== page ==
c. Strategic recommendations plus development of an entire range of touch points including the website.
      Our pricing is directly correlated to the amount of risk we carry on behalf of the client.
      At the highest level, we are responsible for both, the recommendations as well as the implementation of an idea. At the most basic, clients hire us to do the diagnostics which includes analysis of the situation and some recommendations. In those cases, the in-house resources or other external agencies take care of the execution and the project management.
    2. Nature of firm
      The size of the organisation determines the extent of effort involved. Every organisation has a different number of people having opinions, insights and experiences around the existing brand. The more the pie-holders, the higher our effort. After all, our process is meant to merge multiple perspectives so that they align with ground realities.
      Our relationships are structured in phases to accomplish specific objectives within a certain timeframe. Depending on the nature of the engagement, our client’s investments range from Rs. 20 Lakh to Rs. 2 Crore over the course of a multi-year relationship.
  13. 13. We are a small organisation with little or no budget for this kind of work. Can we still find a way to work with Cracker & Rush?

    There are 2 ways in which we consider a small engagement –

    1. We have spare capacity and the client comes along with an exciting challenge.
    2. Helping the client take a more informed decision through a diagnostic process by the end of which either a client is convinced of the value of the larger exercise or is able to redefine the problem in a manner that the solution can be developed in-house.

    We are a small team and usually our best work happens in really deep engagements with a small set of clients and we prefer to keep it that way.

  14. 14. What about ROI?

    Really speaking, given the intangible and artistic nature of these outputs, it is difficult to give a scientific basis for an RoI. Our clients have been satisfied with the experience and clearly see the value in giving us repeat work.

    There is one thing you can do to get maximum return from this exercise – get educated on the process involved and what you can expect with each milestone. We will involve you throughout and keep the process completely transparent.

    At the end of the exercise, you would have created a number of core assets that lucidly articulate your uniqueness for both, internal and external stakeholders. This will lead to aligned employee behaviour and a consistent experience for the customer. We call this orchestrated action. That’s your ROI.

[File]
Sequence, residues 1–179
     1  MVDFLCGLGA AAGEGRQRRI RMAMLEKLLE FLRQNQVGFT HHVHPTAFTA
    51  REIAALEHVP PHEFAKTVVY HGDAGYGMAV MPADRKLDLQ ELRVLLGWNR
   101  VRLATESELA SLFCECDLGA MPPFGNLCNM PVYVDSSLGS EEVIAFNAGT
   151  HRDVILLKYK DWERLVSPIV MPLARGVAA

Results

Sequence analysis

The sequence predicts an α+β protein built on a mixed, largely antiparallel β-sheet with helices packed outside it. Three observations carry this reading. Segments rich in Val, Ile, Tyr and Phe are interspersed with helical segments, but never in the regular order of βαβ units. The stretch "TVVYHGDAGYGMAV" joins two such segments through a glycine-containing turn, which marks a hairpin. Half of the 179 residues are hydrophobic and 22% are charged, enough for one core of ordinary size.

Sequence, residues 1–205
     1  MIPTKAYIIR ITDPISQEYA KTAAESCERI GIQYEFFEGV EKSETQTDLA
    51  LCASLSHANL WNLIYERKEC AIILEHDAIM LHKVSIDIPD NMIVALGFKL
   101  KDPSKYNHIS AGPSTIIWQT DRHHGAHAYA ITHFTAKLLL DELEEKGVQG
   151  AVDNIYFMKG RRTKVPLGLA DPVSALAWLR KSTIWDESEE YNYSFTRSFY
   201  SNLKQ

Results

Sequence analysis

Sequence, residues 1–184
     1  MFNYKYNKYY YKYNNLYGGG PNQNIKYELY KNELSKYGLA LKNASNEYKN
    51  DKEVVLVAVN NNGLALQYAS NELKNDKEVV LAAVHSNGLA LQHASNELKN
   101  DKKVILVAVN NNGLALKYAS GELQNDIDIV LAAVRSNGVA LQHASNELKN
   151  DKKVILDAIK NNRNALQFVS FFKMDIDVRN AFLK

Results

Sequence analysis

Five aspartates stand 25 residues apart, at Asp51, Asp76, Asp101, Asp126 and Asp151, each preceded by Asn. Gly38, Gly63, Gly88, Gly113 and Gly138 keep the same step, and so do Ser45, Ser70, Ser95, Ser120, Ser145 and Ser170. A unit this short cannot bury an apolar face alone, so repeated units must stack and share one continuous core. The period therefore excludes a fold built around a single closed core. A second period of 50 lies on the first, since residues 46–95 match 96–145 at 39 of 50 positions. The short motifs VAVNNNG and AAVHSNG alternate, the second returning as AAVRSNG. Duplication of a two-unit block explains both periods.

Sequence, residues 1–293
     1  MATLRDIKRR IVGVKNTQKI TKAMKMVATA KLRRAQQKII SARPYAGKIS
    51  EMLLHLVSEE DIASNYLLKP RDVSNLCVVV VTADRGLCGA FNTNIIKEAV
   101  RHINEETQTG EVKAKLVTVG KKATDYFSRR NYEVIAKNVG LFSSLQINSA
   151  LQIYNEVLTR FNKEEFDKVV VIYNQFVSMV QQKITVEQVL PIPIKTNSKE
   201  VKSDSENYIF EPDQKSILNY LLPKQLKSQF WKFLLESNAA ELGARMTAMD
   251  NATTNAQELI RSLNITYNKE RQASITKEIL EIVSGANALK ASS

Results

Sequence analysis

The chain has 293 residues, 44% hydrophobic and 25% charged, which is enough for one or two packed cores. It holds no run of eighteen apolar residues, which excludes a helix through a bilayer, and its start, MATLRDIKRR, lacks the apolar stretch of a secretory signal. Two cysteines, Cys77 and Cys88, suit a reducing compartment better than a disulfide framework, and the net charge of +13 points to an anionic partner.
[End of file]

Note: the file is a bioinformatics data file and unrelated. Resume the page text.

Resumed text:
15. 15. Our organisation has never done this before. How will we stay in the loop and feel comforted by the progress being made?

    Do check out our process. At every point in time, you will feel well informed. We begin each project with that assurance.

  16. 16. What if Cracker & Rush is not the right fit for us?

    Our ultimate aim is to help you become self-sufficient in building your brand. So our process is designed to help you participate and be a part of the entire journey so that you can take over and run with the ongoing maintenance of the brand at your convenience.

    If we feel that you will be wasting time and money by engaging us, we will tell you upfront.

    We would ideally like to do both strategy and design for you. That’s our killer combo. In case you already have a design agency, we will gladly work with them as long as we are convinced of their ability to deliver in your best interest. We want the best for your organisation. Even if it doesn’t come from us.

    We make no compromises while representing you. If we or an agency we hired (research firm, design firm etc.) does not deliver an authentic output, we will redo the task and bear the cost. Chances are that you won’t even hear about this additional cost and effort. We call this process integrity.

  17. 17. Are you always as self-assured as you sound?

    We are the least self-assured at the beginning of every project. Quite often, we feel as if this is the most difficult challenge we’ve faced till date. We are anxious to study your domain, your market. We are keen to deliver the promises that we have made to you.

    When we feel this uncertainty, we know that we have, yet again, embarked on a journey worth undertaking. That’s when we are ready to give it our best shot.